Developments in Critical Disability Studies: Implications for research theory

The School of Social Sciences, the Social Policy Research Centre and the School of Education present an opportunity to discuss and debate developments in disability studies

with Professor Dan Goodley, Professor of Psychology and Disability Studies, Manchester Metropolitan University

Setting the context ................

I have been trying recently to articulate what could be meant by a critical disability studies approach. My recent book (Disability Studies: an interdisciplinary introduction, Sage 2011) and a forthcoming paper (with Helen Meekosha, Critical disability studies: A review essay, for Critical Sociology), account for this emerging trans-­"disciplinary space through reference to a number of emerging insights including theorizing through materialism; bodies that matter; inter/transectionality; Global disability studies and self and Other. Many of these insights are developed further; by authors in a book I have edited with Bill Hughes and Lenny Davis (Disability and Social Theory, Palgrave McMillan, due late 2011). In this session I want to briefly dis/entangle some themes of critical disability studies and their implications for disability studies and research. While we may well start with disability I will suggest that we should never end with it as we learn from other transformative arenas including feminist, critical race and queer theories. Some questions to address during the session could be:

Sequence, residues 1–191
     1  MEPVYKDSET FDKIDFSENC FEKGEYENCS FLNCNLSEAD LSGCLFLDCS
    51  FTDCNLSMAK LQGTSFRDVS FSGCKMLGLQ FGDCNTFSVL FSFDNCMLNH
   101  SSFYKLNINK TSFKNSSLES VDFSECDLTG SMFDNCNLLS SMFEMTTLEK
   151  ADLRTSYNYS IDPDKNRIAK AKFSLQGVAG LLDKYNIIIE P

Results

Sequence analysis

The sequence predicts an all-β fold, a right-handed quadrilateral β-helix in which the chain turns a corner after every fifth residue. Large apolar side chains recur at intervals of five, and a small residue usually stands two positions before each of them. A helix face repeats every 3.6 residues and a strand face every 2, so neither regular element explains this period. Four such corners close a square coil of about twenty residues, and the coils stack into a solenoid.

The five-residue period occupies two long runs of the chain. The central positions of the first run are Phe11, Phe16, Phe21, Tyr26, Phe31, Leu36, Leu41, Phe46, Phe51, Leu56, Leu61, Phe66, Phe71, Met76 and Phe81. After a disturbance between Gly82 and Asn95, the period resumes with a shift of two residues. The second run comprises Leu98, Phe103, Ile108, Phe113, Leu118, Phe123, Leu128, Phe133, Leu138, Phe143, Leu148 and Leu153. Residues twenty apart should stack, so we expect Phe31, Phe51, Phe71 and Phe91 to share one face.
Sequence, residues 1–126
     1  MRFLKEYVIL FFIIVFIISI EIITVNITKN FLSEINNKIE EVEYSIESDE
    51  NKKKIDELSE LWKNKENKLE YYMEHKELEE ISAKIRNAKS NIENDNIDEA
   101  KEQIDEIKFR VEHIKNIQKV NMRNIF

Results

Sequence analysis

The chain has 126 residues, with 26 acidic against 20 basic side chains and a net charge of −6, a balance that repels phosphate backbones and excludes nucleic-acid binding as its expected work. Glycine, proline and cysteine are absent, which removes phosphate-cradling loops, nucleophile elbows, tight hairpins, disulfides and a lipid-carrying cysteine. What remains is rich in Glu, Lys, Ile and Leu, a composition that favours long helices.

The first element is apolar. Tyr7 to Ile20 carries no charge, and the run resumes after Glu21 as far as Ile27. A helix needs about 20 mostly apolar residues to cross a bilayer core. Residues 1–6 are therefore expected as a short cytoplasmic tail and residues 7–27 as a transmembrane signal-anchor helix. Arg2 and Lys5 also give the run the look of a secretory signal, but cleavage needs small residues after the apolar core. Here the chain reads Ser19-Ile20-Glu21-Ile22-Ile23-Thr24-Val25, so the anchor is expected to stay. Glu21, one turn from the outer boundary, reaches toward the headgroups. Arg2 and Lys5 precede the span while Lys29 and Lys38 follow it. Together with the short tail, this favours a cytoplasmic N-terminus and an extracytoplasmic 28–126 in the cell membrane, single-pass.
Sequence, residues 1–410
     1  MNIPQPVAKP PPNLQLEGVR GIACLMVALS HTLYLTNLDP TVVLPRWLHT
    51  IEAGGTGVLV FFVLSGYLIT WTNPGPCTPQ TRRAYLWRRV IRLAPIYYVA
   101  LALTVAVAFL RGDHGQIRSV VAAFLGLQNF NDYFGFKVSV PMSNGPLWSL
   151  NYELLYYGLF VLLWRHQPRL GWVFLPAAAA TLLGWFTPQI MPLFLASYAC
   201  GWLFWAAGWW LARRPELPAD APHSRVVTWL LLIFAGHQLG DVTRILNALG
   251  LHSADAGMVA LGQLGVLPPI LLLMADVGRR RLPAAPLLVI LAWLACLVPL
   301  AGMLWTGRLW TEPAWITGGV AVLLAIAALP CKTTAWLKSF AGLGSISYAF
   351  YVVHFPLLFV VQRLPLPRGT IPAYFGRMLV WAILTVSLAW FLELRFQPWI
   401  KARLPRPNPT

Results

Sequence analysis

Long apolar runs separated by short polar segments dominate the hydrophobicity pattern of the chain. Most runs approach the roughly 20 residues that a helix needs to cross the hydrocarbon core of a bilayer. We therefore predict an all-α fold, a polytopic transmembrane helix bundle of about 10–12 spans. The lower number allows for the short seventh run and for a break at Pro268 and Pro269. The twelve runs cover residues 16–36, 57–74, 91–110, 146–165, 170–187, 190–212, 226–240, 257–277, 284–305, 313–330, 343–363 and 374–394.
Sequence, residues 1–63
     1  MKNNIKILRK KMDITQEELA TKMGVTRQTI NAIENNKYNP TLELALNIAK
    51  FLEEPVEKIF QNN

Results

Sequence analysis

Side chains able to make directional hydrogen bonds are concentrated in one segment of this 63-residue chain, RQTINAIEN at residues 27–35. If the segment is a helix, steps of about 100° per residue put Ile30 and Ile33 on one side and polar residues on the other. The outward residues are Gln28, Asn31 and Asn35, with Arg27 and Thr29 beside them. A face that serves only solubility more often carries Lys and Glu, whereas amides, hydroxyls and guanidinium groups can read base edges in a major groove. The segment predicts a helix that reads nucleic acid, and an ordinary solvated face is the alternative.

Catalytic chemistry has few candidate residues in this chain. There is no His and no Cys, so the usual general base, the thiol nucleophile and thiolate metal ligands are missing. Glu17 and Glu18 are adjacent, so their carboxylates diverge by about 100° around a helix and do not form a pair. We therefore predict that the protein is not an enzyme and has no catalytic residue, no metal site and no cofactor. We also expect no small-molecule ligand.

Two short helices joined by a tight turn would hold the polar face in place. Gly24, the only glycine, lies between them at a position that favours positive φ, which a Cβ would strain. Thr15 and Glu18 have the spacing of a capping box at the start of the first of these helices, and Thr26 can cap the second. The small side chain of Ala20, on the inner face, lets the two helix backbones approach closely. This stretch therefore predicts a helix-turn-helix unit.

• Is there such a thing as critical disability studies and what, indeed, makes something critical?
  • Does critical disability studies capture what Tanya Tichkosky has termed the becoming crisis in disability studies?
  • Might critical disability studies be an appropriate location for Australian disability studies researchers to occupy given the hitherto dominance of Anglo-­"American models of disability theory and research articulated by such scholars as Helen Meekosha and Margrit Shildrick?
  • Is there a danger that critical disability studies becomes a new orthodoxy: entranced by theory and devoid of connection with politics and practice?


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